Students decided that they would all read "Shannen and the Dream for a School"


Students learning about the current issues faced by Aboriginal students


Students sharing ideas using an Aboriginal custom called "Circle Talk"


Proud to show the display case providing information for the school
Newspaper Poetry

Discovering Our Inner Poet

I love teaching writing.  Let me be more specific.  I loved teaching writing except when it came to poetry.  For some reason, I’ve always managed to bring to life the other writing formats and genres with engaging lessons set upon a backdrop of real world contexts.  The students, for the most part, ate it all up and asked for more.  That is, until  I mentioned we would be exploring poetry.  The good times would come to a screeching halt as their faces reflected what I had also thought of poetry as an elementary student: boring and challenging to understand (how did I know what so-and-so meant by this-and-that?…and who cares?).  So of course, with my determined and stubborn personality, in the past few years I’ve focused on learning how to breathe life into this wonderful writing genre.  It hasn’t always been an ocean of roses but, for the most part, the exploration has led us to a whole new level of appreciation and learning.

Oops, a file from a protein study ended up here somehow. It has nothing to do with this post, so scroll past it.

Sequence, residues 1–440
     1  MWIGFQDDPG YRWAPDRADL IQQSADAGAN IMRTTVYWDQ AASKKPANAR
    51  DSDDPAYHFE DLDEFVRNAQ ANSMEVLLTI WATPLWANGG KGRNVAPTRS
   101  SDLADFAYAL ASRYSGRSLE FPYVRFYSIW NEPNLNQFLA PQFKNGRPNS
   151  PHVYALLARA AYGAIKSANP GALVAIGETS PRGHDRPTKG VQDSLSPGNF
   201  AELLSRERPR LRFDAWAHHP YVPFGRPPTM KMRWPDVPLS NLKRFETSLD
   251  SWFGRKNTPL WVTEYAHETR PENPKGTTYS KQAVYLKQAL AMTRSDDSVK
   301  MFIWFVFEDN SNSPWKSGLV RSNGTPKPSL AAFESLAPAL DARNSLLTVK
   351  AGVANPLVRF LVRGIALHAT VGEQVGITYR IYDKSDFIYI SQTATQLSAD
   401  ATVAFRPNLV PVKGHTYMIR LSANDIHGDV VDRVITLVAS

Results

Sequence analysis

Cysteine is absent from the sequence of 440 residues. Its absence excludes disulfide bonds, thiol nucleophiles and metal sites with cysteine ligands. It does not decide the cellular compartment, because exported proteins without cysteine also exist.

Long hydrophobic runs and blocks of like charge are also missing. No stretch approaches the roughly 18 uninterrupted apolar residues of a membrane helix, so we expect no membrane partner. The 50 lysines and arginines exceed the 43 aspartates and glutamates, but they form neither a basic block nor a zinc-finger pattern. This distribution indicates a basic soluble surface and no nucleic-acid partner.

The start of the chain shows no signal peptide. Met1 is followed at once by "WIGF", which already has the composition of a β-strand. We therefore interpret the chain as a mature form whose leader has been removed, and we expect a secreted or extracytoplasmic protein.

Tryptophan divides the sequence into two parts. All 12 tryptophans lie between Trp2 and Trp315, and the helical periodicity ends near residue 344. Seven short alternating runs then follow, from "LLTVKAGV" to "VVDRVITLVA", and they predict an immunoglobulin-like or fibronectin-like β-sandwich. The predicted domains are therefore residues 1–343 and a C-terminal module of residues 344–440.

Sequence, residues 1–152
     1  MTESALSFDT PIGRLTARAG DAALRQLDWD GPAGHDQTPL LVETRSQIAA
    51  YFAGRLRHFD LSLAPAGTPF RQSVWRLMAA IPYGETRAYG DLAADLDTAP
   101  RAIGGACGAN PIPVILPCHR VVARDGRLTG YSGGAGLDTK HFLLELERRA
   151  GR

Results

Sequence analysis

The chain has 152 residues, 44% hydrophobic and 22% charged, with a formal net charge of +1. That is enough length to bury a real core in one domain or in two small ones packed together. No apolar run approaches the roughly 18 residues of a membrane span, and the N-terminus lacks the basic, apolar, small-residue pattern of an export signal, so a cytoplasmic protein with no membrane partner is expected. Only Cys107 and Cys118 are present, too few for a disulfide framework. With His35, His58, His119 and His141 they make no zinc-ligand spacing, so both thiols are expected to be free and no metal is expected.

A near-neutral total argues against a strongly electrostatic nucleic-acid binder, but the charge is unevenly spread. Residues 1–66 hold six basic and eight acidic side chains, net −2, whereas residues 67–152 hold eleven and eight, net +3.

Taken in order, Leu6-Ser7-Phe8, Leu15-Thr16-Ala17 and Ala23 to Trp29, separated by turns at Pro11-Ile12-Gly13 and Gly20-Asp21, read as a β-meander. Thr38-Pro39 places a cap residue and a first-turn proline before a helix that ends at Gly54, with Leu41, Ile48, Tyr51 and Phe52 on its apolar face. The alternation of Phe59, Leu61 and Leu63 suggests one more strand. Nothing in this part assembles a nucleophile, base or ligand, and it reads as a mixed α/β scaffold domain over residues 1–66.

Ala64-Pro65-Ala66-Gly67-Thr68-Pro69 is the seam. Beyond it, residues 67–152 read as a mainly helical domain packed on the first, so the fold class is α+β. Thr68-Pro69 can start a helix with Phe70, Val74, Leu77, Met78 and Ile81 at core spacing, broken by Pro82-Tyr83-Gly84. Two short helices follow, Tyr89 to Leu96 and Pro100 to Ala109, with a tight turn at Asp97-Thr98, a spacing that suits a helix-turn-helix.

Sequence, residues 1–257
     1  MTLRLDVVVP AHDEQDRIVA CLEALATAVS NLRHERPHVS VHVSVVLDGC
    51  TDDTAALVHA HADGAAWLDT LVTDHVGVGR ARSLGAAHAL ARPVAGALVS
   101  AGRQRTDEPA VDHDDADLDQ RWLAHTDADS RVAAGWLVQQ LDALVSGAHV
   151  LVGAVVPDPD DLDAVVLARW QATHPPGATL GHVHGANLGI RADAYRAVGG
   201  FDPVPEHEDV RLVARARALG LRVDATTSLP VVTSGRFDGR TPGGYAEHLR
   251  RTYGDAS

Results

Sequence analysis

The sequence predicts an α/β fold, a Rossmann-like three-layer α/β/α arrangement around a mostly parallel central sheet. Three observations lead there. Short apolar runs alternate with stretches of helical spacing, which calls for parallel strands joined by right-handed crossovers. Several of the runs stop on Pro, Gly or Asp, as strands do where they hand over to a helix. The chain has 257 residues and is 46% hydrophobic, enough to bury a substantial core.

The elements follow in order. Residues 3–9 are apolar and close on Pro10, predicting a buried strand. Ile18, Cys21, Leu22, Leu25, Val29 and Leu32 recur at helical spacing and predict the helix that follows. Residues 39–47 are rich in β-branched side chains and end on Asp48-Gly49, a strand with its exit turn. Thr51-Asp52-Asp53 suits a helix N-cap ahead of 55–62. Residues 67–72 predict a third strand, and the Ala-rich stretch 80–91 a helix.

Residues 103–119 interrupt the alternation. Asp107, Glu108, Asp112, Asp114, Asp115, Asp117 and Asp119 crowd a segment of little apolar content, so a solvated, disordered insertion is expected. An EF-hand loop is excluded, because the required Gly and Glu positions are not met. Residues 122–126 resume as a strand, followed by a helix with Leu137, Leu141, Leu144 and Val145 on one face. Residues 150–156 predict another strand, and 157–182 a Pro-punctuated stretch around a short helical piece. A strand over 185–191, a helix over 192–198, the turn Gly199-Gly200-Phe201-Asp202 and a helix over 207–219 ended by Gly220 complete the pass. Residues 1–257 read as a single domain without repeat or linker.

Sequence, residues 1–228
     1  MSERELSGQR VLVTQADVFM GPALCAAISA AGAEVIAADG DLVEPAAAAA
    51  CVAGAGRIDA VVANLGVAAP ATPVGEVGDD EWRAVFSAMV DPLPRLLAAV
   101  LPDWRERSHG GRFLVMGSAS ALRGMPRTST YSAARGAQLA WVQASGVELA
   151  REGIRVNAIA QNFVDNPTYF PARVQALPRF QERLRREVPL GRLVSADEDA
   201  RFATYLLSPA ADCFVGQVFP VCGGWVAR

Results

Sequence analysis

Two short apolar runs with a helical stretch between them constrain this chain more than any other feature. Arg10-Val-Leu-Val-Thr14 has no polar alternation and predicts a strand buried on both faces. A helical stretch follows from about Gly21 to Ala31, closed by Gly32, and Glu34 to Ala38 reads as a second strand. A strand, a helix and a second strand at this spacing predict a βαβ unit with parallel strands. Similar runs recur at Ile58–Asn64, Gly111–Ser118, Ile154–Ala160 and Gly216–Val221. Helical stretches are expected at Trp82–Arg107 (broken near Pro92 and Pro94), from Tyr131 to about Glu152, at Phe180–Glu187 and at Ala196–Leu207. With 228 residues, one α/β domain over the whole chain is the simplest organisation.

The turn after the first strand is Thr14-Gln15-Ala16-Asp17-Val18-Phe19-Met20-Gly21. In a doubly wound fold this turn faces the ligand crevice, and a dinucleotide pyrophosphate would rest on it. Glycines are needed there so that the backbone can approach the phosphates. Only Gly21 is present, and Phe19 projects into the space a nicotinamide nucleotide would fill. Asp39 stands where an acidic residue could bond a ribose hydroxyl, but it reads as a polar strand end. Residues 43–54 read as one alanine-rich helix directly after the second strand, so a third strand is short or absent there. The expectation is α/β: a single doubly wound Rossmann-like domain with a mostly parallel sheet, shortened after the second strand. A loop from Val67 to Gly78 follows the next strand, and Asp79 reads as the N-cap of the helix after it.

We have just completed our poetry unit (which will continue  informally throughout the year) and I can honestly say that the class thoroughly enjoyed it.  I’d like to share with you a few of the activities and resources that made the experience engaging, meaningful, and memorable.